Figure 2
figure 2

Saliency maps. Note: Overlay is the input image overlaid with the gradients. These are representative examples of anomalies depicting what the algorithm saw when making correct predictions of mammalons, hypocalcification, microdontia, and hypoplasia.


The use of image classification algorithms such as TL with CNNs has become increasingly popular in the past few years. Our findings suggest great potential in use of CNN-based image classification for quickly identifying dental anomalies from intraoral photos. The ability to produce saliency maps makes our method interpretable and provides insight into the model’s reasoning. Our method not only performs dental anomaly classification but can also show where in the mouth the CNN “looks” to make its decision. Clinicians and researchers can, therefore, consult the saliency map and verify whether the CNN model is making classifications that are consistent with the location and development of such anomalies. This can give additional confidence for clinicians and researchers using this model and can provide educational benefits for students and less experienced clinicians. In addition, since our method can work with intraoral photos taken by standard cameras, it is more accessible than other DNN based models that work with X-rays or CT-scans.

In the current study we used ResNet-18 as the pre-trained CNN model21 for TL. This CNN was chosen over other models due to its low runtime and high accuracy when compared to other popular architectures on the ImageNet benchmark. ResNet-18 is a popular open-source network architecture, so theoretically if independent clinics were using our training methodology with separate private datasets, they could share model weights or training gradients in order to benefit from each-other’s data without sharing their data.

The dataset was originally scored for dental anomalies, by one person after calibration6 (also supplementary material) and took approximately one year of full-time work to score all 4,084 subjects and their respective 38,486 intraoral images. In the current study, the CNN would be able to identify the dental anomalies in the same number of photographs in approximately 16 min with F1 scores ranging from 0.32 to 0.989. Our results suggest that our model is able to perform at a similar level as that of a dentist with 8 years of clinical experience in the anomaly detection tasks. See additional metrics in Table 1. We found examples of both classification agreement and disagreement, for example where the model correctly predicted hypoplasia while the human rater did not, see Supplementary Fig. S2. This highlights the error that can occur from eye fatigue or human error that does not occur in computers.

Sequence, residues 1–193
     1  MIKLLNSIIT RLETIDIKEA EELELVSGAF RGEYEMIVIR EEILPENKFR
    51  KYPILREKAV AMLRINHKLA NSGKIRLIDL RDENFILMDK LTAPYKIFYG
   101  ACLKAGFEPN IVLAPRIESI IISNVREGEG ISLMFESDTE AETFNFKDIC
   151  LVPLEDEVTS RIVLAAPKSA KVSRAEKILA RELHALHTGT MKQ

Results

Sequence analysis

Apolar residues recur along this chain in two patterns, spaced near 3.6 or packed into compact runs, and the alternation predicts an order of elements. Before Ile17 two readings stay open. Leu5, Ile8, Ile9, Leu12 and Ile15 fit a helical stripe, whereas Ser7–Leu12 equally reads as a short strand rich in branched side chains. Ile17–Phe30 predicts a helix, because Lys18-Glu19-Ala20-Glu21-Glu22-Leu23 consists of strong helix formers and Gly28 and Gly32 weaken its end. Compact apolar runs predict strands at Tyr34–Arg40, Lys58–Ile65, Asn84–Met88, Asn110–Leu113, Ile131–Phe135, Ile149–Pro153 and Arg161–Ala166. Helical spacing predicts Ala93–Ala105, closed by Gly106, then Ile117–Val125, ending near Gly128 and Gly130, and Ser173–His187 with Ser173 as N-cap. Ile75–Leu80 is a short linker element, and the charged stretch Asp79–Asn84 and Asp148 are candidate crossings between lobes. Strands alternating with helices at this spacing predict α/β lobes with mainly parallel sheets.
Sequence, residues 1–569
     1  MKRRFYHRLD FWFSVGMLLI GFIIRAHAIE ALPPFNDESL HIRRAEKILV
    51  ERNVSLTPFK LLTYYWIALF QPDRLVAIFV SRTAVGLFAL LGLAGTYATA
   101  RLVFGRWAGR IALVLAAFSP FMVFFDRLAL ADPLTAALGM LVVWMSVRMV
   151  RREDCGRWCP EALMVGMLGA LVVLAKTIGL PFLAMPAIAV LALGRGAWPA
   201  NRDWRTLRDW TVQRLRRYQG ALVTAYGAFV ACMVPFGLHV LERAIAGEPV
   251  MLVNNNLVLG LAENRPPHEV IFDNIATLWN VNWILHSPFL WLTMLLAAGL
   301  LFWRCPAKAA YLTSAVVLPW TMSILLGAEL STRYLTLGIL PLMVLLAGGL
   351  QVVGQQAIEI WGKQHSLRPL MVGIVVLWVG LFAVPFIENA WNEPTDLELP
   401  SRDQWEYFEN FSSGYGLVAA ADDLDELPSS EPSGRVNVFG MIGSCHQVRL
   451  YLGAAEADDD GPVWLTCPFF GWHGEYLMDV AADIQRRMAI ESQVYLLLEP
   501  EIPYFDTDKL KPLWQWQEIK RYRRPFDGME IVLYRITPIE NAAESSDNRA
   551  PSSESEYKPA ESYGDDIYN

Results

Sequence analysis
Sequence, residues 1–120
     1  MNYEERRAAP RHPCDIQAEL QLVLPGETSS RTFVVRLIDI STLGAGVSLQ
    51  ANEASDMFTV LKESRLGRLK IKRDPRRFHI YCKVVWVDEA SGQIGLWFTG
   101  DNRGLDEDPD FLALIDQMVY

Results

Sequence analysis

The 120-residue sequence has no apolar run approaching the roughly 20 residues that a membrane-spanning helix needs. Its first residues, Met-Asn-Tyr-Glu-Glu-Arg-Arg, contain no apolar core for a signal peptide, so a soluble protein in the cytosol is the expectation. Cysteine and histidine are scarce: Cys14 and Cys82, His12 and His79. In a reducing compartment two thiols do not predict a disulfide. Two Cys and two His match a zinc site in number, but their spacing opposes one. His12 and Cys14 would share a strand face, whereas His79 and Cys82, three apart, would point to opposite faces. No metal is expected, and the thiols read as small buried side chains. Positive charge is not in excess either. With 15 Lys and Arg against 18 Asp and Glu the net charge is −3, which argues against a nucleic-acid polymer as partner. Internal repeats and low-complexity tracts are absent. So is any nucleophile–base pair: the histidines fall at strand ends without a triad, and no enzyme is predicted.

To be successful at image classification tasks, a CNN needs to be trained on a very large number of examples in order to learn good feature representations from the input images. The size of the training examples has a direct impact on the overall model accuracy. The current data set is the largest international cohorts of intraoral photos of controls and subjects with OFC, with 38,486 images. For multi-label multi-class image classification task, this is still considered small. However, we were able to achieve reasonable F1 scores (0.437–0.561) using the technique of transfer learning. To continue to improve and test the accuracy of this model, additional intraoral photographs will be needed. A second intraoral data set has been scored and will be used to further test and improve this algorithm to see if it can equal or outperform human raters on every dental anomaly. We used a separate sample of data to get an estimate of human performance with respect to the F1, precision, and recall metrics. For all but three types of anomalies, our model’s F1 scores exceeded those of the human baseline.